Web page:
Next year is the 400th anniversary of the arrival of 20 shackled Africans in North America at Jamestown, Virginia, on August 20th, 1619. This is generally the accepted date of the beginning of the pernicious institution of slavery in North America. But like much of history, this date — and its meaning in the grand scheme of things about slavery — are clouded by other recorded occurrences.
According to a 2017 article posted on Smithsonian.com, written by Michael Guasco, “In 1526, enslaved Africans were part of a Spanish expedition to establish an outpost on the North American coast in present-day South Carolina. Those Africans launched a rebellion in November of that year and effectively destroyed the Spanish settlers’ ability to sustain the settlement, which they abandoned a year later. Nearly 100 years before Jamestown, African actors enabled American colonies to survive, and they were equally able to destroy European colonial ventures.” So were they the first?
Do we wait eight years until 2026 to mark the 500th anniversary of the arrival of those Africans, or do we stick with the 1619 date and memorialize it next year? Or do we observe both dates?
The question I want to pose is this: How do we as a people mark the accepted 400th anniversary of our ancestor’s arrival on these shores? It’s a widely accepted fact that we black folk really know how to throw a party, a celebration — but that’s not what’s called for in this circumstance. After all, this date marks the beginning of a horrible institution, slavery, American style. And who wants to “celebrate” the beginning of our ancestors being kidnapped, held prisoners, raped and often tortured?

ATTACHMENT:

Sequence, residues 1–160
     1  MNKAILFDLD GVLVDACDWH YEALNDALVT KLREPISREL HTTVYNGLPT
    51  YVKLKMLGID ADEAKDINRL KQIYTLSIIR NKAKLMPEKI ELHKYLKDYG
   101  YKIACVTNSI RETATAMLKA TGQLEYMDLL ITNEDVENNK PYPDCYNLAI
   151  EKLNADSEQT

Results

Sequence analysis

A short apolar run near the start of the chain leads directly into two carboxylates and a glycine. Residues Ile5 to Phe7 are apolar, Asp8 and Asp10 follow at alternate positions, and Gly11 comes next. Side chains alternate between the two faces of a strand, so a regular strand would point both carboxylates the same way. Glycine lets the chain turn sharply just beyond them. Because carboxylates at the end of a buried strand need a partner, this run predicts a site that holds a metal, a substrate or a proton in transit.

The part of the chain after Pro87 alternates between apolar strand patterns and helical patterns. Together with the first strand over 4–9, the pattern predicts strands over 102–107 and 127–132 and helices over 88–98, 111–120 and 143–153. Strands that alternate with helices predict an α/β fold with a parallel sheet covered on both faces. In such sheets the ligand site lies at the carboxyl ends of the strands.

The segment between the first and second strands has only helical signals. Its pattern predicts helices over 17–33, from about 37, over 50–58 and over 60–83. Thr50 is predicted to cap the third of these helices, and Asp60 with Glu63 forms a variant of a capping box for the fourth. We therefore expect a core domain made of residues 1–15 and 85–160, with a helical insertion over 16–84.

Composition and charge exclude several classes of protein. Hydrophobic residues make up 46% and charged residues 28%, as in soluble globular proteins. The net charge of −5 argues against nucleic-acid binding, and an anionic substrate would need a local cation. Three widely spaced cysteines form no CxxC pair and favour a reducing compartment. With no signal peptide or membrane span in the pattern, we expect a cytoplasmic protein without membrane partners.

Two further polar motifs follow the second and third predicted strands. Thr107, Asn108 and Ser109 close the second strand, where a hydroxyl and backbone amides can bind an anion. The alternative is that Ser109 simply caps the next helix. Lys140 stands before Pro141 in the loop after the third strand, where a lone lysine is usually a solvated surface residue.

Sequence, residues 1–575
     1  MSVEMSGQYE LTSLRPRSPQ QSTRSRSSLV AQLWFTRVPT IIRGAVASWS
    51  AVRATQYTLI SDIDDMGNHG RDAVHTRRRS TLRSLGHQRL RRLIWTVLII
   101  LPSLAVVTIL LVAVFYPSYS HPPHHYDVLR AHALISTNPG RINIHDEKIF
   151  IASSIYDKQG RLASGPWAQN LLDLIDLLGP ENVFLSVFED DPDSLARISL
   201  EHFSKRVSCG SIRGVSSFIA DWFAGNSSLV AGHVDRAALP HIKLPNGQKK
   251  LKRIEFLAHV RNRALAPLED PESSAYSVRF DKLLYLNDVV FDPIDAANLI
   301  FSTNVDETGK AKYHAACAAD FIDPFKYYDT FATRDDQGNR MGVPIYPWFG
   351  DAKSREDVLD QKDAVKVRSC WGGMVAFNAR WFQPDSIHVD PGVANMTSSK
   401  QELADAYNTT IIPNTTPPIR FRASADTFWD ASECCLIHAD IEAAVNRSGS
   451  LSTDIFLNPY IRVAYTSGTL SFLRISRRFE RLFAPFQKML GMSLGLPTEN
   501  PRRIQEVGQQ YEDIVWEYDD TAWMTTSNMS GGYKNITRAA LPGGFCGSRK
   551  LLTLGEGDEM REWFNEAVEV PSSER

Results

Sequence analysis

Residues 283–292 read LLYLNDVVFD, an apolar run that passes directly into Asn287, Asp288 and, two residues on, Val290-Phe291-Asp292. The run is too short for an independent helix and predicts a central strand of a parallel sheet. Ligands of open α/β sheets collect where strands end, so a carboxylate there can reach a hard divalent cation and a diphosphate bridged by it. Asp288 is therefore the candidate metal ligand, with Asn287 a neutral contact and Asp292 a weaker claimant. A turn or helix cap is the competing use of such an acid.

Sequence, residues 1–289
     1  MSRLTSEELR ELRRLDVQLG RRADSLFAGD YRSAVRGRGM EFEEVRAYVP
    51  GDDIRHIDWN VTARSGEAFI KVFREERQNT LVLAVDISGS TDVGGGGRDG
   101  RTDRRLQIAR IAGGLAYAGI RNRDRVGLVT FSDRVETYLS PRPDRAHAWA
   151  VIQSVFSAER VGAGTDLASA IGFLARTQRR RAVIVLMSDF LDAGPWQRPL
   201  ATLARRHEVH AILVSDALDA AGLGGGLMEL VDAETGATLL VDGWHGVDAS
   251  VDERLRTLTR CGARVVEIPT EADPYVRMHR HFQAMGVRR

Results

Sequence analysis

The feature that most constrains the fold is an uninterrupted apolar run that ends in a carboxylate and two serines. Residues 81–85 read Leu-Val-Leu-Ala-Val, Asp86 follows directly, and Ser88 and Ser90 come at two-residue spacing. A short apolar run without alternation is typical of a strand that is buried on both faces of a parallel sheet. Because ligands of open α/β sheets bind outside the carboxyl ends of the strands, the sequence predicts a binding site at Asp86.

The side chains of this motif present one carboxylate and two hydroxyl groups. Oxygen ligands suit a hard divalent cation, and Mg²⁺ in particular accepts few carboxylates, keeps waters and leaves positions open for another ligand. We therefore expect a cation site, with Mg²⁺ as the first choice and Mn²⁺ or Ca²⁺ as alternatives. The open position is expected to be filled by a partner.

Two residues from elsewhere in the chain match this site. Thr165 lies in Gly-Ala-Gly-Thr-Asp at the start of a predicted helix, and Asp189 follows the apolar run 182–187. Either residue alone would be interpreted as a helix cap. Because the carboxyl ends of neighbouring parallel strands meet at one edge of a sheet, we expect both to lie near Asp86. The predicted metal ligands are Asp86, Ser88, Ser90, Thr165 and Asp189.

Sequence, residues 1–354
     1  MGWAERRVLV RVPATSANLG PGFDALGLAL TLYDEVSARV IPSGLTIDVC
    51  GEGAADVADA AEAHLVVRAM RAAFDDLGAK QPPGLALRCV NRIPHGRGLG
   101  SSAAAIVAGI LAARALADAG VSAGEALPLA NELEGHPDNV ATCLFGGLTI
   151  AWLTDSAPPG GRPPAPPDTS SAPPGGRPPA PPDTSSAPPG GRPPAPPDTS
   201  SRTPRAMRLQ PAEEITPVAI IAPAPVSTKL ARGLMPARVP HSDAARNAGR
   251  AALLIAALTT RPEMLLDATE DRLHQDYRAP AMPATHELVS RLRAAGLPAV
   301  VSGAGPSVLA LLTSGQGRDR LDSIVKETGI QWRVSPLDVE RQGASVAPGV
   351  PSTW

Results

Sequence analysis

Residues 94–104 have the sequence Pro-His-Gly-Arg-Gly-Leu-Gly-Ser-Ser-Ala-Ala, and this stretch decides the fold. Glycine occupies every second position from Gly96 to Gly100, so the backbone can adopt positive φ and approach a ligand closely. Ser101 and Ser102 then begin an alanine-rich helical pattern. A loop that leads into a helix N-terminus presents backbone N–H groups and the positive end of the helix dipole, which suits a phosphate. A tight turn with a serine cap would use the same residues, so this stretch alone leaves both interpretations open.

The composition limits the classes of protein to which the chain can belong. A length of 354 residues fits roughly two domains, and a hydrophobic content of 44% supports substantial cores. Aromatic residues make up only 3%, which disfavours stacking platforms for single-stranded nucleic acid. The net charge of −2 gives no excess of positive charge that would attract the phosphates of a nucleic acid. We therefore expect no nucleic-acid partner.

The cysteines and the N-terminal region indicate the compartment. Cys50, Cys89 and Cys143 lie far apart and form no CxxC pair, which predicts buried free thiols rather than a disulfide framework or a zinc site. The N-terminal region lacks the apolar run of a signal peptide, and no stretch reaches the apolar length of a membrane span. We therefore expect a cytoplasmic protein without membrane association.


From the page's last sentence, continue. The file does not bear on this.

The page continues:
So, should we hold a somber memorial service, something resembling a funeral, or should we do something else entirely? How do we recall our ancestor’s struggles, while still celebrating our great successes in future generations, often under trying conditions and against great odds?
Personally, I feel a need to somehow mark the occasion, if for no other reason than to remind ourselves — as well as others — of our important history in this country, one that our ancestors contributed so much labor in the building of what is now the United States.
Now you don’t have to be black to have an opinion on this since no one really is an expert; after all, this has never happened before in 400 years. So please share your thoughts on what we should — or maybe shouldn’t — do, and perhaps even be a part of whatever it is that takes place.
From CoolCleveland correspondent Mansfield B. Frazier mansfieldfATgmail.com. Frazier’s From Behind The Wall: Commentary on Crime, Punishment, Race and the Underclass by a Prison Inmate is available in hardback. Snag your copy and have it signed by the author at http://NeighborhoodSolutionsInc.